How to Design Software to Reduce Breaches Caused by Human Error
Human error is a leading cause of data breaches, but software developers can help change that. Here are some design tips to make human error less likely.
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Humans are fallible creatures. They often make mistakes, and some of those blunders lead to data breaches. Developers should account for that by building features and capabilities into their software to make such issues less likely. Here are some of the possibilities to consider.
Implement Confirmation Dialog Boxes
One practical way to prevent human error in your software is to use dialog boxes that pop up to require a person to confirm they want to do a particular action. Then, there’s a much lower chance of someone doing something and having a crushing realization seconds later that it has dire consequences.
People take the wrong actions all the time, but most errors don’t cause data breaches. It could happen because they’re tired, overworked, bored or just not paying attention at a given moment.
However, a 2022 study found that 40% of people had emailed the wrong person over the last 12 months. In 29% of those cases, the affected company lost a client or customer as a result.
Suppose those workers had seen a dialog box come up, prompting them, “Are you sure you want to send this email to [address]?” Then, they would have to slow down, pay closer attention, and — hopefully — avoid the error.
It’s a good idea to use those confirmation dialog boxes for any actions that could cause a data breach or any other difficult- or impossible-to-correct mistake. Software often includes sharing features, but those should work to reduce human errors.
Incorporate Data Loss Prevention Elements
Many software-based tools allow people to work with critical company data. However, insider breaches can occur when people send internal information to their personal email accounts. Sometimes this happens innocently because workers want to work on projects from home. Then, the human error stems from not understanding or knowing the company’s data policy.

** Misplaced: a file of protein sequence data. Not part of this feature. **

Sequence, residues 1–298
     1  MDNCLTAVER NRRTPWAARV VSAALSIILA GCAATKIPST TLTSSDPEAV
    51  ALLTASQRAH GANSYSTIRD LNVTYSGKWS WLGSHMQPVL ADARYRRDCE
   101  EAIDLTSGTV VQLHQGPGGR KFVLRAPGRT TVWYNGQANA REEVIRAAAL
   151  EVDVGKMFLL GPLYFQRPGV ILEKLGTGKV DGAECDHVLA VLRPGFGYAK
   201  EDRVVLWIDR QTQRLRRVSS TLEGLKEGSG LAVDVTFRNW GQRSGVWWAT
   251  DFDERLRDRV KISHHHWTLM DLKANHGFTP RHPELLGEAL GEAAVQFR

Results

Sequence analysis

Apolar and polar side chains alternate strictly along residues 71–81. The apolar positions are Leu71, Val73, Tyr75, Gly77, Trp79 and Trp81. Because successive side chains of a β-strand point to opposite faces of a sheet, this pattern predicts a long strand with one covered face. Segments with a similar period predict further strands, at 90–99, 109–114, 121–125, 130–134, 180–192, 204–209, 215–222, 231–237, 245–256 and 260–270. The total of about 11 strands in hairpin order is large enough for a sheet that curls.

It’s becoming more challenging to oversee company data since so many people are part of distributed workforces and use the cloud for daily data-related tasks. Statistics anticipate 4.8% growth for cloud applications. So, there’s a good chance you’ll help develop some soon, if you haven’t already.
However, building data loss prevention (DLP) features into the software gives company leaders control over what happens to their information. One of the most common approaches is to block certain file types from leaving the organization. Alternatively, encrypting the files so only intended recipients can access them stops employees from trying to take contents not already viewable to them.
Allow Automatic Software Updates
Cybercriminals often exploit outdated software to gain initial entry into the system. However, cybersecurity fatigue can make people wait longer than they should to install new updates that include security patches for known vulnerabilities. It happens when people feel frustrated about following cybersecurity rules or believe they’re too burdensome.
When many people see software update prompts, they’ll dismiss them, telling themselves they’ll do it later. However, that approach leaves windows of opportunity open to hackers. Then, although the cybercriminals were directly responsible for the breach, human error made it easier for them to orchestrate their attack.
Creating your software with an automatic update feature prevents this possibility. Consider designing it so administrators can make the updates occur on all computers simultaneously and outside of business hours. Then, individual employees never have to worry about handling the updates.
Get Feedback From Users
Besides considering these suggestions, talk to the people who will use the software you build. Ask them about previous events that have made data breaches occur or nearly happen. Then, think about what you could do to prevent future instances. The insights you get could make you aware of new error-driven breach possibilities.
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